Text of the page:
Bay Area NWSL expansion in 2024 apart of a greater plan for the league

California will receive the next major pro sports franchise, through the Bay Area NWSL expansion team, joining the returning Utah Royals in Salt Lake City as the league’s 13th and 14th teams in the circuit according to an official announcement from the league.

Brandi Chastain, Leslie Osborne, Danielle Slaton, and Aly Wagner, former members of the United States women’s team, are bringing star power to the Bay Area NWSL expansion project along with large money from the international investment group Sixth Street Capital, which will spend a total of $125 million.

Wagner broadcasts NWSL games for CBS and World Cup games for Fox; Slaton serves on the board of directors of the USSF and plays a significant role in the organization’s efforts to combat abuse in women’s soccer. The Bay Area NWSL expansion team will probably compete at PayPal Park, home of the San Jose Earthquakes.

Surprisingly, the NWSL made other expansion-related announcements as well.

League growth beyond the Bay Area NWSL expansion

The announcement stated that the NWSL is still actively involved in the expansion process with a goal of adding teams #15 and #16, the first time the league has openly acknowledged a 16-team target. Boston is largely believed to host Team 15. Late in January, the Wall Street Journal published an article in which it was revealed that the Bay Area was the other significant winner in the contest for expansion.

An odd number of clubs in a league is not desirable because it makes scheduling more challenging. When asked about the timescale for growth during a news conference last month, NWSL commissioner Jessica Berman said as much. She said, though, that the league wouldn’t expand to 16 teams only to get an even number.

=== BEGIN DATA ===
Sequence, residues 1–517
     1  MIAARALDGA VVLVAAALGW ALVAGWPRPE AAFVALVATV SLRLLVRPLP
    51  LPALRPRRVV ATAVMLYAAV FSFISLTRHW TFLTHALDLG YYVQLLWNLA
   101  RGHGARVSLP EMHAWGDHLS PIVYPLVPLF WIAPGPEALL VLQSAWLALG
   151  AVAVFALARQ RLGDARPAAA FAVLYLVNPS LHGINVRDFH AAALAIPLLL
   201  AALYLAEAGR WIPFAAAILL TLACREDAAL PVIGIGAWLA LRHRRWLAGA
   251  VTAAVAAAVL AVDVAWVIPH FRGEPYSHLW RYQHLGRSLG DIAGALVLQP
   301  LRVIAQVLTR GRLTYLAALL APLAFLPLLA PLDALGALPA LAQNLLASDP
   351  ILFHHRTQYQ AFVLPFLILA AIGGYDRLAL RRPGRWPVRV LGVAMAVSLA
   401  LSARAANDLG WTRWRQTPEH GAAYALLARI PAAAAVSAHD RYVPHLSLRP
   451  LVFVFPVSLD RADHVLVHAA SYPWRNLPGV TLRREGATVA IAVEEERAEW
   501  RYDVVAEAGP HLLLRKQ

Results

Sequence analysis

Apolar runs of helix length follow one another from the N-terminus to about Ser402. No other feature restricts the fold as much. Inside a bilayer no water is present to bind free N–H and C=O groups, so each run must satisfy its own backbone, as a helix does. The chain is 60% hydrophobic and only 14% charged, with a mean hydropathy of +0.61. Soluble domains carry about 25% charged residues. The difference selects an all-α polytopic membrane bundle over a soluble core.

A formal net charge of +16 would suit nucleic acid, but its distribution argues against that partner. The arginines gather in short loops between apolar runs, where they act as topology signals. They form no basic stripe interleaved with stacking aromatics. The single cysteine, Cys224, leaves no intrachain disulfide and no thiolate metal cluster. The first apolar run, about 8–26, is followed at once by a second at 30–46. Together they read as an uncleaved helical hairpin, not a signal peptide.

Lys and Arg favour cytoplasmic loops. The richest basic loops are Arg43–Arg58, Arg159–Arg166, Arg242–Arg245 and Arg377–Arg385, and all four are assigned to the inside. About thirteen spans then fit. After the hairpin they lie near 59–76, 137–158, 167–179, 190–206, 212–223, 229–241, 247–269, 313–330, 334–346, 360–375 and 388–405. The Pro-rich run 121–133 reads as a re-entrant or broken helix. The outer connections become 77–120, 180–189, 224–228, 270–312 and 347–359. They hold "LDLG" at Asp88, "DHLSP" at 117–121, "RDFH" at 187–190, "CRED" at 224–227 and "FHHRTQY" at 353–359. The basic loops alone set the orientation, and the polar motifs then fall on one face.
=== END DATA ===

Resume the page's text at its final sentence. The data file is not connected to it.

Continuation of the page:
Nothing is more crucial than having the correct owners in place, she said, especially when it comes to their willingness to contribute as well as their financial means. The league is now at ease enough to advance in that regard. In addition to the official statement, Berman said to Equalizer Soccer that she didn’t believe there is currently a limit on where expansion can go.

She stated that the league is actively engaged in a long-term strategic planning process. However, to better understand the short term, the league must first determine what size it wants to be and when it wants to be it. Even after that process, sources inside the league office say they don’t think the league will be able to claim that it will only be a16 team league. The league office believes that there is much more room for progress for women’s soccer in our nation.

The balance of ambition and restraint seems reasonable. There is no doubt that the Bay Area NWSL expansion team has raised the bar for potential contenders in the near term.

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